NOEL KING, HOST:
Over the weekend, a big snowstorm hit the Midwest and the East Coast. But the areas around the Great Lakes didn't get that famous lake-effect snow. That's been going on for a while, the result of a warming climate. Here's Dan Wanschura from Interlochen Public Radio.
DANIEL WANSCHURA, BYLINE: Mount Bohemia is a small ski resort in the very northern tip of Michigan's Upper Peninsula. It sits on land that juts out into Lake Superior. The views are stunning. And you can ski between old-growth maple and pine trees covered with snow. Getting more than 300 inches of fresh powder during the winter isn't uncommon in this part of the UP. Some say it's the best skiing this side of the Rockies.
JOHN ROYAL: It really sets itself apart, honestly. It doesn't really compare to other resorts.
WANSCHURA: That's John Royal (ph), an avid skier who's been making trips up to Mount Bohemia for the past decade. He loves the tight glade runs, steeper terrain and fresh, unground trails. This year, Royal planned a trip to the resort with his 10-year-old son, Tyler (ph). But when mid-January rolled around, there was no trip to plan because there wasn't enough snow.
ROYAL: It's really, really hard for a father to tell his son that we can't go on a trip and not because of, we'll say, financial, but because Mother Nature is not cooperating. There's - it sucks, it really does?
WANSCHURA: Resort President Lonie Glieberman says they're down about 100 inches of snow compared to last year.
LONIE GLIEBERMAN: We're just not getting Arctic air coming down from Canada.
WANSCHURA: For decades, the resort has relied on massive, lake-effect snow dumps to attract skiers and snowboarders, but not this year. And the thought of buying and deploying snowmaking machines has never really been a consideration. But the warm winter this year is forcing Glieberman to think about it. He says most of the feedback he's gotten so far about manufacturing snow has been negative.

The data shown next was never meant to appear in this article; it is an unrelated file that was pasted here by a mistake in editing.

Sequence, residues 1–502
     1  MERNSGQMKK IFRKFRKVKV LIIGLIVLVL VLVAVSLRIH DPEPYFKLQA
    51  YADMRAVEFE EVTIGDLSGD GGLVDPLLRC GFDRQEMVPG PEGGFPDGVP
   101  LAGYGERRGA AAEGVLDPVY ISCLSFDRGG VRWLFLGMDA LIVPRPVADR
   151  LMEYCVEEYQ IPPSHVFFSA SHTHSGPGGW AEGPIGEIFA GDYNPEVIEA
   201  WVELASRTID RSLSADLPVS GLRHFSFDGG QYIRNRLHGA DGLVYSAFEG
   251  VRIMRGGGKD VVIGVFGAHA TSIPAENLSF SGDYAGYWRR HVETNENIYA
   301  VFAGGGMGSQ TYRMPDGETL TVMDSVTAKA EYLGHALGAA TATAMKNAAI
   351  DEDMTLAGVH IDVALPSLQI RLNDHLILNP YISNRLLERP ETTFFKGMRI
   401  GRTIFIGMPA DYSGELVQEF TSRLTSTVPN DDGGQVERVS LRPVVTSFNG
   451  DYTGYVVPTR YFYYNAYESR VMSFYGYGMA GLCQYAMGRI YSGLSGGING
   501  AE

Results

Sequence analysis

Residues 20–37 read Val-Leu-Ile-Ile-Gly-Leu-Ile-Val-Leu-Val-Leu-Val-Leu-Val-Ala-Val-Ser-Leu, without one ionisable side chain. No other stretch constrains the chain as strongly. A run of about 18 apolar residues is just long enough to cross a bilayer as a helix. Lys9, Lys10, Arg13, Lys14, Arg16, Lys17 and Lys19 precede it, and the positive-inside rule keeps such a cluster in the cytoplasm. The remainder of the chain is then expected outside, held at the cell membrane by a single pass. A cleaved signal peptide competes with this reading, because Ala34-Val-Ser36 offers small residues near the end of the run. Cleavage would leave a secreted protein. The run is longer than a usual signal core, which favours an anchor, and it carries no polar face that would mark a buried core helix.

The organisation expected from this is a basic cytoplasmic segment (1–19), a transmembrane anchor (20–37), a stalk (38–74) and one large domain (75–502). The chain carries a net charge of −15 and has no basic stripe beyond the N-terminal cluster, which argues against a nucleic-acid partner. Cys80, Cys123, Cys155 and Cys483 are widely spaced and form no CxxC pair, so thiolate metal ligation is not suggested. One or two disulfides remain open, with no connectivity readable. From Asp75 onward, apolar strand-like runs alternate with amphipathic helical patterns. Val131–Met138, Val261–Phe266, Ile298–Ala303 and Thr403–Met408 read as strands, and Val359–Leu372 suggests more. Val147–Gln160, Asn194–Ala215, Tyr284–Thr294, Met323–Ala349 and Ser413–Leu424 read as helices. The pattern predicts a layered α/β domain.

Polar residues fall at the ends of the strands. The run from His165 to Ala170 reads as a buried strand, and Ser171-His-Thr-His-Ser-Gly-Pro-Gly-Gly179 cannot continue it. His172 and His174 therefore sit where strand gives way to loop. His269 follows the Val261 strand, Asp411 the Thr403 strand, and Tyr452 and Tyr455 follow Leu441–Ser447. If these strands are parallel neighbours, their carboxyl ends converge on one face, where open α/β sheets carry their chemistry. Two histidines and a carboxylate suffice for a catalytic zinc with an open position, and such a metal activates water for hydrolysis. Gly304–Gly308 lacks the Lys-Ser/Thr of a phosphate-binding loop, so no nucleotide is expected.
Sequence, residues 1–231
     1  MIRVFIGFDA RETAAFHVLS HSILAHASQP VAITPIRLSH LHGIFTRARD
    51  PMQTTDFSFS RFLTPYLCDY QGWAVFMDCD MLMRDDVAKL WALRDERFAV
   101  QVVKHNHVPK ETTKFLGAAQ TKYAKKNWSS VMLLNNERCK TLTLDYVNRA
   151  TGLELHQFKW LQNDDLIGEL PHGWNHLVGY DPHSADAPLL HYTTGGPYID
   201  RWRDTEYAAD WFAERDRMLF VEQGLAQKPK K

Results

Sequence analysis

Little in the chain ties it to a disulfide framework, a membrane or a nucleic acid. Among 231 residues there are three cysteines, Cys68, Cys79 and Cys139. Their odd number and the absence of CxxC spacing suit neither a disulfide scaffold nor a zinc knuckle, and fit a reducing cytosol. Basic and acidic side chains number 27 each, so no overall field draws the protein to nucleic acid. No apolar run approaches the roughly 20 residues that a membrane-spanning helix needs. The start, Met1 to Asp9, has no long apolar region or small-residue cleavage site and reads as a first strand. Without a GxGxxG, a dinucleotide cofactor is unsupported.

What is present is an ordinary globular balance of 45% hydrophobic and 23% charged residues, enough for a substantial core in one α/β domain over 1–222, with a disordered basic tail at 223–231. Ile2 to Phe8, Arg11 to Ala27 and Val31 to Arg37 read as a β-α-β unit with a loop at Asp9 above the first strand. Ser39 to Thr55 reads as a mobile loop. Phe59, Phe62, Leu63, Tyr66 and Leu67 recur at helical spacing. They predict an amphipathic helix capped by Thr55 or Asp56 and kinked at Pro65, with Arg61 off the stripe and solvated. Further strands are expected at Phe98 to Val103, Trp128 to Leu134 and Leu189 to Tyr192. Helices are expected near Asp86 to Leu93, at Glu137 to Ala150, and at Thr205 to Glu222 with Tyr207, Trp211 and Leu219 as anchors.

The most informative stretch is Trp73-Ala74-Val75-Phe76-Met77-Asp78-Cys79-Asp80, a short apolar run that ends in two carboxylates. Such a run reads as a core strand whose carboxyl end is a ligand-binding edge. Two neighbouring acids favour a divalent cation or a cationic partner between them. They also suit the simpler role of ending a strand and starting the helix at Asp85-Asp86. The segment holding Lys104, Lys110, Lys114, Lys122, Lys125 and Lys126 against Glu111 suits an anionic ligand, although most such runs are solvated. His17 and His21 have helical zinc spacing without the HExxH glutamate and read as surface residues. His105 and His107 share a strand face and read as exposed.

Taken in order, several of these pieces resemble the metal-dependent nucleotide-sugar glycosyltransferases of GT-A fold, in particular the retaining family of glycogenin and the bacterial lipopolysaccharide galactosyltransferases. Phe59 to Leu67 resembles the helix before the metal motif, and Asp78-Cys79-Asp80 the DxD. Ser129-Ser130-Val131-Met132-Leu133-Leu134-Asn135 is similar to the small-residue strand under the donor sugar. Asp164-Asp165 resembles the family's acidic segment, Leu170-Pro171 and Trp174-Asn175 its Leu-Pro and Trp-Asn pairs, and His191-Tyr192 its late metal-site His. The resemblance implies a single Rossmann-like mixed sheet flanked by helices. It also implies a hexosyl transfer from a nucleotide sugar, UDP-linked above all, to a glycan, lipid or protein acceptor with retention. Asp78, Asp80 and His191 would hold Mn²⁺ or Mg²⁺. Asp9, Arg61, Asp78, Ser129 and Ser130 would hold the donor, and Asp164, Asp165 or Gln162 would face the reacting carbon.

GLIEBERMAN: It's like if you were the best New York pizzeria and you couldn't serve pizzas so you put on chicken wings on your menu instead, you're still open for food, but that's not why your customers come to you. So we can be open with snowmaking runs. But that's not why the people drive seven to 10 hours to ski us.
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RANDY DANFORTH: T&R Yamaha, it's Randy
WANSCHURA: A seven-hour drive south in East Jordan, Mich., Randy Danforth understands that logic and is facing a similar problem. In a normal winter, he'd now be busy selling and servicing snowmobiles. But, like many in northern Michigan this year, he's glued to the weather forecast and praying for snow.
DANFORTH: We can have the greatest product in the world - if we don't have snow in our area to sell the sleds, then they just don't sell.
WANSCHURA: Snow is critical not only for his business but for the entire economy here. Bars, restaurants, motels and other places depend on mounds of snow to bolster winter tourism.
DANFORTH: The bread-and-butter months for an average snow community - December, January and February - are huge.
WANSCHURA: Some scientists say this year's warm winter in the Midwest is something we're likely to see more of. Richard Rood studies climate change at the University of Michigan and says consistently cold winters, as we've known them in the past, may not be realistic anymore.
RICHARD ROOD: We are not going to be able to have the same relationship to the climate and to the environment that we have had over our lifetimes and over our parents', grandparents' lifetimes.
WANSCHURA: And that means outdoor winter pastimes like ice fishing or skiing and snowmobiling in the Midwest could melt into memories sooner than later, and the economy that's depending on consistent snow and freezing temperatures might not be far behind.
For NPR News, I'm Dan Wanschura in Interlochen, Mich.
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